I see myself in my online classes as a facilitator and jump-starter of conversations. I can encourage everyone to build their projects in front of the group. Being witnessed in your work, and “creating in public” is a powerful confidence builder. It helps everyone experiment. Our best projects grow out of a safe environment, one where we are free to express ideas — even unfinished ones — and early-stage concepts. Building in public helps with that, and it’s even more powerful when practiced together.
In architecture school, students work on physical projects. They build models. They present to each other on Zoom or in studio settings. The connection this creates strengthens their projects. Your cohort sees your project come to life. It’s a great way to learn something new, like video or audio production, or develop skills, like communicating your ideas to an audience.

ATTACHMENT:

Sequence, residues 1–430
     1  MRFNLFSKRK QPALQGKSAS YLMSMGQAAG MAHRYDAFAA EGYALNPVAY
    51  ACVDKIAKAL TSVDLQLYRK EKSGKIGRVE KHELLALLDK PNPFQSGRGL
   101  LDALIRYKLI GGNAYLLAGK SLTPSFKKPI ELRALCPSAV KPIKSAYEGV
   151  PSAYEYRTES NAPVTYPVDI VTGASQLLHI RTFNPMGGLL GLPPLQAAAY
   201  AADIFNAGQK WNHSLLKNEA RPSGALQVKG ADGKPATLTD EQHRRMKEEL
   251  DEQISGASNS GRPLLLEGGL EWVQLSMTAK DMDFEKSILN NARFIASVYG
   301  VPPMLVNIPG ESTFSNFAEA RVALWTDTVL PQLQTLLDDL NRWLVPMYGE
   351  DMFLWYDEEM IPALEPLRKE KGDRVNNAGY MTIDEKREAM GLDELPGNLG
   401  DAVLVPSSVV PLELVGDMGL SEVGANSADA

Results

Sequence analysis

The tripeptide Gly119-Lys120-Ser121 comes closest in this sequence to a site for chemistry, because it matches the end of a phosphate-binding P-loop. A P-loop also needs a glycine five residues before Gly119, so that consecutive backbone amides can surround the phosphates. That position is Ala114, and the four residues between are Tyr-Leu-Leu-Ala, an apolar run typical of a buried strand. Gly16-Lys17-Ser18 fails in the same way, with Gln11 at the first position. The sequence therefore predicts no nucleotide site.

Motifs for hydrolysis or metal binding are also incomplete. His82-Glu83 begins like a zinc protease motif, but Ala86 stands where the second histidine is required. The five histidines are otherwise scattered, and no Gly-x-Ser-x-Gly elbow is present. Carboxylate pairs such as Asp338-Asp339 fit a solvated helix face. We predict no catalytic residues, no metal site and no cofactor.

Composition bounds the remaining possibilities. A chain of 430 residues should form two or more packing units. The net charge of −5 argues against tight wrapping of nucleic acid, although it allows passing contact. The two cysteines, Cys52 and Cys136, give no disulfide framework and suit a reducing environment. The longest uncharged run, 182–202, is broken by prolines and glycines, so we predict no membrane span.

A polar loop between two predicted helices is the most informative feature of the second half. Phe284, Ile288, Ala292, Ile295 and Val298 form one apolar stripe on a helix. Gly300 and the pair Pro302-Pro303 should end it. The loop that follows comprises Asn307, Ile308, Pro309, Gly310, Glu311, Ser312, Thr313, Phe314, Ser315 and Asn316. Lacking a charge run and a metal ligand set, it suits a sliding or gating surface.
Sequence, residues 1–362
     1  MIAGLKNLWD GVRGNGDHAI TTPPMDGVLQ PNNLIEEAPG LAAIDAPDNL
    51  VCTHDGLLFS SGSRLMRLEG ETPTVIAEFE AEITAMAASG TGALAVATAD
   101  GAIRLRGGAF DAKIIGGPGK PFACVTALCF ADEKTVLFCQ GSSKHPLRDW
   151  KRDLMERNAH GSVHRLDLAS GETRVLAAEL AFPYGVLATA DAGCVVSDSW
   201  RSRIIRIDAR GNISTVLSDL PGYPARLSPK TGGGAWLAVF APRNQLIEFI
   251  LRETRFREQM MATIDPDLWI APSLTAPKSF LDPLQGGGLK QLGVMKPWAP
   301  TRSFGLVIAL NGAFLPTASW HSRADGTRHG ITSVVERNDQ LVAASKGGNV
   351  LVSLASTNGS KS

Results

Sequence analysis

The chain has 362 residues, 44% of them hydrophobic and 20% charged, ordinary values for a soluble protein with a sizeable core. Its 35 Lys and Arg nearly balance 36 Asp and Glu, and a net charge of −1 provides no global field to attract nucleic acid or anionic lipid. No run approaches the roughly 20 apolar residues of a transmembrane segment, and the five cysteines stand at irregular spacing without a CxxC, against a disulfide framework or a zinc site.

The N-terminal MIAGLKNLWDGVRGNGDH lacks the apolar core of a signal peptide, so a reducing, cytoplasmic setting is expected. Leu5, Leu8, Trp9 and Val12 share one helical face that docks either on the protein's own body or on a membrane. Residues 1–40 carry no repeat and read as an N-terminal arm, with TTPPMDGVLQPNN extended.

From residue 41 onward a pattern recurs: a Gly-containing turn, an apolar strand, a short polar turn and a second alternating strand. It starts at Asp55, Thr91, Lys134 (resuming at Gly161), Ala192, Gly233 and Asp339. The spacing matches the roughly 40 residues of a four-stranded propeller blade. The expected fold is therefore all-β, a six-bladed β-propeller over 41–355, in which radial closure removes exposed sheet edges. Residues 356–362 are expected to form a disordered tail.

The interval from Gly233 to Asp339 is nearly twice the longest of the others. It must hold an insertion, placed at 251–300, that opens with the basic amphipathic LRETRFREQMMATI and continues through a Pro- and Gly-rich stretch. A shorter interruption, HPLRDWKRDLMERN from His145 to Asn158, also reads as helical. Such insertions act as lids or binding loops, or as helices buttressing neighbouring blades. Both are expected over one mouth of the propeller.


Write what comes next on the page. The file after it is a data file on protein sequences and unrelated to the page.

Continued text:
And I’ve discovered something else about this project-based style of teaching: It works best when we discover our storytelling motor. That means that there is a narrative driver at play, whether we are making videos or podcasts, or other online media. People are narrative animals. They will look at your work and seek a narrative, whether there is one there or not. Why not give them the narrative they crave?
The building blocks of a narrative are story arcs, pacing, characters, and the voice of the piece. These elements shape what we’re building, whether we’re making a video or a podcast. Once we’re talking about these things in class, I know we are in a power zone. These terms are the vocabulary that allows us to discuss what we’re trying to make in class. A common ground, it’s a new creative connection.